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Today, I’m on a special mission. In honor of the beginning of December and the holiday season I’m talking about Christmas carols today their history their tradition and why they mirror yours and my experience and our heritage.

I used to love Christmas carols. I used to hear them and get all excited because it’s that great time. And even though, admittedly, I’m Jewish, I come from one of those weird Jewish families that’s always celebrated Christmas. All the way back to just about the first generation that came over from Germany, my family celebrates Christmas. I’ve always had a Christmas tree, I’ve always had Christmas ornaments, I’ve always woken up excited about Christmas morning.

For a little bit in the eighties and nineties I even went to midnight mass. I love Christmas. But there’s something about Christmas carols that makes me cranky and I don’t know why. Don’t get me wrong, some are great, but it’s really hard sometimes to find a Christmas carol that isn’t just a little bit cheesy. So I decided maybe if I looked at them they wouldn’t bug me as much. Where did they come from and what are they saying?

I’ve learned something about Christmas carols and it’s this: They completely mirror our history. They’re dance tunes and they’re songs of need and songs of protest; songs of plea and celebration and prayer. They’re also just downright business models in that writing a Christmas tune has sometimes been a very reliable way of earning a living.

Deck the Hall

So we’re going to talk about some Christmas carols and where they come from. We started with Deck the Hall and that version was Whitney Houston, which I think is a really great version. Deck the Hall was a dance tune for people to dance in a circle like an 18th century version of a square dance. This square dance was meant to revolve around the one instrument that could be available – the harp. Deck the Hall was meant to be a group of people singing the song and dancing in a circle around a harpist. Back then, in the 18th century, this was the fun thing to do. The problem is, a harpist isn’t always available and so because the harpist isn’t available they had to find a way to fill in what would ordinarily be the harpist’s solo. So they filled it in with nonsense words, with gibberish; “fa la la la la la la la la” is meant to be sung not only to amplify what the harpist is doing but also to fill in those moments when there was no soloist to give that all important harp solo. This song had such an impact, and it’s an ancient tune, that it was sampled by both Haydn and Mozart. Sampled like rappers sample songs that come before them, Mozart and Haydn both sampled Deck the Hall. Let’s hear just a little bit of Mozart’s Sonata no. 18.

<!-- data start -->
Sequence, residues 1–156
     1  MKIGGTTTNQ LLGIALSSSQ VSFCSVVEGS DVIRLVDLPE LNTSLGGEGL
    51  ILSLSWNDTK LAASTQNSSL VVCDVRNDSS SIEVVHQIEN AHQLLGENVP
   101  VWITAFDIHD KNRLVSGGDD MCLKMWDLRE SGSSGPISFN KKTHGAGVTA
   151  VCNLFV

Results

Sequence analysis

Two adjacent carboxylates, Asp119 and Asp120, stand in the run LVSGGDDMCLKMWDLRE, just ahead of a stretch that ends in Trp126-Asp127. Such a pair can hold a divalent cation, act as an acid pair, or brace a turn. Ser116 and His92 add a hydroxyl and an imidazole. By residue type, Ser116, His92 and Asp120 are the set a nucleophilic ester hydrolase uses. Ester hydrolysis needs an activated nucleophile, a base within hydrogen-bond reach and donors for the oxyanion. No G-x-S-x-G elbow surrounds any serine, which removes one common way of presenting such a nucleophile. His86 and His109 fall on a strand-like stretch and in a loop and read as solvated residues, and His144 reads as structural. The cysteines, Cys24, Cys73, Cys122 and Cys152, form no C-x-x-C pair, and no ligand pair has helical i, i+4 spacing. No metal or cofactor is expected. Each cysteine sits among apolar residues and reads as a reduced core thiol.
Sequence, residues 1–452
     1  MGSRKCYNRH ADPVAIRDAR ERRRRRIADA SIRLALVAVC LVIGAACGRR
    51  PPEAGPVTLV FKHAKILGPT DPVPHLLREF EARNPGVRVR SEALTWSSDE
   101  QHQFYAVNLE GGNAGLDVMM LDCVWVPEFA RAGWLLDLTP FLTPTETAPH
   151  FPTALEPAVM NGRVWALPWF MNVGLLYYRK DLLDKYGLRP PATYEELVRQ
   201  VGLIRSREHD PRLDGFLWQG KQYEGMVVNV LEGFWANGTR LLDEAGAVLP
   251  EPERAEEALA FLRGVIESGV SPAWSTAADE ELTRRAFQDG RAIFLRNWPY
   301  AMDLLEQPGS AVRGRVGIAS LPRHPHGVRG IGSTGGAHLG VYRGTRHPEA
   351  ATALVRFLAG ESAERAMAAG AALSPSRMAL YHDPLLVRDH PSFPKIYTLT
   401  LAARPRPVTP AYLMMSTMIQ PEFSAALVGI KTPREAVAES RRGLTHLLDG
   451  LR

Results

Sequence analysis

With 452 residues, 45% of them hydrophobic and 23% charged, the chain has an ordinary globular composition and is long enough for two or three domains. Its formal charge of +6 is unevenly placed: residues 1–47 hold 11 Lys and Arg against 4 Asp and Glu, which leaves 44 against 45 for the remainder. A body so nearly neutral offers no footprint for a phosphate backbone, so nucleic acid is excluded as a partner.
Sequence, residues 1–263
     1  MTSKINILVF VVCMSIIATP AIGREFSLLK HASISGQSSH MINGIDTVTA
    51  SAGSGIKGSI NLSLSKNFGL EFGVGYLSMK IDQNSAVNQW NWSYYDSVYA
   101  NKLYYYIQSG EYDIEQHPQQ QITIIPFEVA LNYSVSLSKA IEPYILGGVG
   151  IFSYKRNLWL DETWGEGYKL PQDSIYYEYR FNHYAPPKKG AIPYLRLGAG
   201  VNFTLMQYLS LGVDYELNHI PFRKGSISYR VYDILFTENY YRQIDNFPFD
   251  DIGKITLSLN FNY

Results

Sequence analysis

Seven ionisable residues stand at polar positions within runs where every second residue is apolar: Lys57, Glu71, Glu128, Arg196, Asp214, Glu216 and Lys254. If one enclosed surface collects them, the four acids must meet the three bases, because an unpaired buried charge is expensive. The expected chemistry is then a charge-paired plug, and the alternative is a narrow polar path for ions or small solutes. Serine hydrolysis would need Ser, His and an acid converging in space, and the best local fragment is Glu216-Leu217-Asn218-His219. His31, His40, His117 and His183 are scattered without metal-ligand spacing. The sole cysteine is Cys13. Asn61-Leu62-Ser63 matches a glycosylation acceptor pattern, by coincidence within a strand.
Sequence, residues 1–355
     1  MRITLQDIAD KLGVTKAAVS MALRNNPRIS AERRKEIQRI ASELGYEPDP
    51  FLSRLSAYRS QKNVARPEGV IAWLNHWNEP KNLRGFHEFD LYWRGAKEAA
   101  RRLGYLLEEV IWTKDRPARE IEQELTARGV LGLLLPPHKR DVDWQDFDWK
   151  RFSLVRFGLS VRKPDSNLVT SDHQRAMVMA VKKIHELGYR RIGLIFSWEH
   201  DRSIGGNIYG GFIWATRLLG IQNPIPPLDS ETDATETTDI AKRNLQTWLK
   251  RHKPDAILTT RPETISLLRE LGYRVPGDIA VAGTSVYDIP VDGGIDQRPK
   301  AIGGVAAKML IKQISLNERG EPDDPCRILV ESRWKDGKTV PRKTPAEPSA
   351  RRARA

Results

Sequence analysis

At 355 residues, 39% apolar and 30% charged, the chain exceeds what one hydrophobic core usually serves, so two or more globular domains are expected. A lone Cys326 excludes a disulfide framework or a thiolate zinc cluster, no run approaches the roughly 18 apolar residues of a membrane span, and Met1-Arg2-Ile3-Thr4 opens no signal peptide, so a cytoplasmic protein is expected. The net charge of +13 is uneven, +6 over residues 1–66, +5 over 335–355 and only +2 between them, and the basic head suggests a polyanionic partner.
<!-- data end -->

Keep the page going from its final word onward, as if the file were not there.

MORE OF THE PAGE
Deck the Hall was a dance tune of celebration around people coming together and singing and dancing around the harp.

We Wish You a Merry Christmas